Ethical considerations for experimental research will be examined in this module. Describe why adhering to ethical principles is important in research.
Saul McLeodpublishedupdated Ethics refers to the correct rules of conduct necessary when carrying out research.
We have a moral responsibility to protect research participants from harm. However important the issue under investigation psychologists need to remember that they have a duty to respect the rights and dignity of research participants.
This means that they must abide by certain moral principles and rules of conduct. In Britain ethical guidelines for research are published by the British Psychological Society and in America by the American Psychological Association.
The purpose of these codes of conduct is to protect research participants, the reputation of psychology and psychologists themselves.
Moral issues rarely yield a simple, unambiguous, right or wrong answer. It is therefore often a matter of judgement whether the research is justified or not. For example, it might be that a study causes psychological or physical discomfort to participants, maybe they suffer pain or perhaps even come to serious harm.
On the other hand the investigation could lead to discoveries that benefit the participants themselves or even have the potential to increase the sum of human happiness. Rosenthal and Rosnow also talk about the potential costs of failing to carry out certain research.
Who is to weigh up these costs and benefits? Who is to judge whether the ends justify the means? Finally, if you are ever in doubt as to whether research is ethical or not it is worthwhile remembering that if there is a conflict of interest between the participants and the researcher it is the interests of the subjects that should take priority.
Studies must now undergo an extensive review by an institutional review board US or ethics committee UK before they are implemented. All UK research requires ethical approval by one or more of the following: Committees review proposals to assess if the potential benefits of the research are justifiable in the light of possible risk of physical or psychological harm.
|Ethics in Experimental Research - Center for Innovation in Research and Teaching||Saul McLeodpublished The prime method of inquiry in science is the experiment.|
These committees may request researchers make changes to the study's design or procedure, or in extreme cases deny approval of the study altogether. Some of the more important ethical issues are as follows: Informed Consent Whenever possible investigators should obtain the consent of participants.
They also need to know what it is that they are agreeing to. In other words the psychologist should, so far as is practicable explain what is involved in advance and obtain the informed consent of participants.
Before the study begins the researcher must outline to the participants what the research is about, and then ask their consent i. However, it is not always possible to gain informed consent. Where it is impossible for the researcher to ask the actual participants, a similar group of people can be asked how they would feel about taking part.
If they think it would be OK then it can be assumed that the real participants will also find it acceptable. This is known as presumptive consent. Participants must be given information relating to: Statement that participation is voluntary and that refusal to participate will not result in any consequences or any loss of benefits that the person is otherwise entitled to receive.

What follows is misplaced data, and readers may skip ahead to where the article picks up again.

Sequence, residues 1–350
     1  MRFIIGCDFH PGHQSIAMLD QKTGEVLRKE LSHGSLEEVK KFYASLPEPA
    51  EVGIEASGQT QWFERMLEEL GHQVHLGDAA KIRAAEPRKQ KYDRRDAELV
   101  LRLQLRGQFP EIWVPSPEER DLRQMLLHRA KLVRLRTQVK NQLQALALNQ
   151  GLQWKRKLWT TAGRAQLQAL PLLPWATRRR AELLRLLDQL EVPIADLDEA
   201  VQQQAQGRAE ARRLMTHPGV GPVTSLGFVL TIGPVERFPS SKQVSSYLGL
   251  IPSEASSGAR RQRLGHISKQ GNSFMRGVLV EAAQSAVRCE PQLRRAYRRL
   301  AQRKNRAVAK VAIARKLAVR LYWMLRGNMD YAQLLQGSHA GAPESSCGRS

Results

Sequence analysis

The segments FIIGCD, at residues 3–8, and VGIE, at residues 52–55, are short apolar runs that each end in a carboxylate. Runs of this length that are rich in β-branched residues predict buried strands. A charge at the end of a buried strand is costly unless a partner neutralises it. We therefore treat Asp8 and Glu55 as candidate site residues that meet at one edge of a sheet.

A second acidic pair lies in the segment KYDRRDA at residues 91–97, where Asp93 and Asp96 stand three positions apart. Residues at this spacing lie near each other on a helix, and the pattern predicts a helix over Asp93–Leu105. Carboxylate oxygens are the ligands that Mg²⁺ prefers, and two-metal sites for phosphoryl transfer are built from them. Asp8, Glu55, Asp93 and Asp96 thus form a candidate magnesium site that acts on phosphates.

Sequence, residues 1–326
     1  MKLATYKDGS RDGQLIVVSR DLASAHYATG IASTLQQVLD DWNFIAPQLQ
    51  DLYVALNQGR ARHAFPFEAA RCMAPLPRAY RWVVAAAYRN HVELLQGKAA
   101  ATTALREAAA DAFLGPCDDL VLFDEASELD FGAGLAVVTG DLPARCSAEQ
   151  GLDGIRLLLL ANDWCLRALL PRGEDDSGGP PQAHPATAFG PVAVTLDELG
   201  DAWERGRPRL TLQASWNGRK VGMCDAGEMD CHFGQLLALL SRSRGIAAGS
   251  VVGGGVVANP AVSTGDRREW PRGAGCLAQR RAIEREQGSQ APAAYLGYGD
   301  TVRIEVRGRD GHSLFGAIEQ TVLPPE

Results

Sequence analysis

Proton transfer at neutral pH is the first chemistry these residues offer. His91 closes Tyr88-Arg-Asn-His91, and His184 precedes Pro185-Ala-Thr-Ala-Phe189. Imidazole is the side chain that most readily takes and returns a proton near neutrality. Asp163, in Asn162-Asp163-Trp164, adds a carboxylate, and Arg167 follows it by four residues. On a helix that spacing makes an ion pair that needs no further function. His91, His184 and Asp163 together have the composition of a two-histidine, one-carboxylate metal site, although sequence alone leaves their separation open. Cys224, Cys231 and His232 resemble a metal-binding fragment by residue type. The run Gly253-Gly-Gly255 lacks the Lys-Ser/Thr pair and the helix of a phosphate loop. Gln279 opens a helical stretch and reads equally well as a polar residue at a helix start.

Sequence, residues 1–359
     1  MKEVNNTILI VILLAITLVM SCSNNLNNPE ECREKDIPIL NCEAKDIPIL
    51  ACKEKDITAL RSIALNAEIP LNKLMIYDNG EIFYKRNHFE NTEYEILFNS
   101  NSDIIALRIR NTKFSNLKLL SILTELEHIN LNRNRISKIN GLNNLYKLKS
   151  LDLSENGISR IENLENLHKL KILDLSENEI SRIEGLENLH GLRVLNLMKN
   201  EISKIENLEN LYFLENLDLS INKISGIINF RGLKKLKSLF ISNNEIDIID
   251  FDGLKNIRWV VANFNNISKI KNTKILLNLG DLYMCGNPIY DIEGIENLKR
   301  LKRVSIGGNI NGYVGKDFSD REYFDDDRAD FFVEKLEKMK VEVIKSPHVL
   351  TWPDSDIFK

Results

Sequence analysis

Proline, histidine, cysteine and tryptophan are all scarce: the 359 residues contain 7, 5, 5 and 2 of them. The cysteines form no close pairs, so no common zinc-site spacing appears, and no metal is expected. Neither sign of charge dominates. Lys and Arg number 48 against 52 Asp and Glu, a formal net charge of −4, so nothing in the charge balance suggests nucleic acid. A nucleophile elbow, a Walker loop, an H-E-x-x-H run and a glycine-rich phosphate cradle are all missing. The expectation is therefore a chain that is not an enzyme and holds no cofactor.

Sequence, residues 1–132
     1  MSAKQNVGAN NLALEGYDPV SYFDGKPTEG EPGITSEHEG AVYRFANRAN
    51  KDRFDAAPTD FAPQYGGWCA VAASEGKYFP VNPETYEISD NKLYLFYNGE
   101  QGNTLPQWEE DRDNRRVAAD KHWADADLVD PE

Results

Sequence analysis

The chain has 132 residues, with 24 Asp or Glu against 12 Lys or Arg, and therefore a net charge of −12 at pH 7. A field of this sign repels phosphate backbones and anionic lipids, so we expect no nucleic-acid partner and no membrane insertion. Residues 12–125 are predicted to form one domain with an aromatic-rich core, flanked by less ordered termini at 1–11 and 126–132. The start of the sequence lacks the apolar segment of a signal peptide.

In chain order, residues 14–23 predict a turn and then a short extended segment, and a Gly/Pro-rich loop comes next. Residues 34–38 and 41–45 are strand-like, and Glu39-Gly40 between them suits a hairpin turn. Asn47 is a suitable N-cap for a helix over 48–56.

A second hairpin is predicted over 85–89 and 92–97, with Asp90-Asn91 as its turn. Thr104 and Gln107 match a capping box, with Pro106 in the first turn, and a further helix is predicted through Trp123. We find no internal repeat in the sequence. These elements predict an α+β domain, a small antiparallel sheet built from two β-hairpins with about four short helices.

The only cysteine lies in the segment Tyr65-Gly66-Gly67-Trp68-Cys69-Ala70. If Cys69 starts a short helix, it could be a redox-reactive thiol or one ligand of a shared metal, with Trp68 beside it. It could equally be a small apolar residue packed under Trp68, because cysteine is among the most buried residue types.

Purpose of the research. All foreseeable risks and discomforts to the participant if there are any. These include not only physical injury but also possible psychological.
Procedures involved in the research. Benefits of the research to society and possibly to the individual human subject. Length of time the subject is expected to participate. Person to contact for answers to questions or in the event of injury or emergency.Experimental psychologists use scientific methods to collect data and perform research.
Often, their work builds, one study at a time, to a larger finding or conclusion. Some researchers have devoted their entire career to answering one . Psychology > Developmental Psychology > Developmental Psychology Research Methods >Ethical Standards Of Research Ethical Standards Of Research The study of behavioral development involves the use of both human research subjects of all ages and animals from chicken embryos to .
Ethics in Research – The Web Center for Social Research Methods - Some of the key terminology associated with research ethics are described on this site, as well as a brief history of ethical considerations in research.
Psychology is the scientific study of people's thoughts, behaviors, and feelings. Shannon's question about learning is part of psychology.
Shannon's question about learning is part of psychology. Learning Objectives. Describe the history of ethics codes for scientific research with human participants.
Summarize the American Psychological Association Ethics Code—especially as it relates to informed consent, deception, debriefing, research with nonhuman animals, and scholarly integrity.
Researchers must organize participants to conduct their study. They can use a variety of data collection techniques: direct observation, questionnaire, interview, psychological test, recording body responses, examining archival files.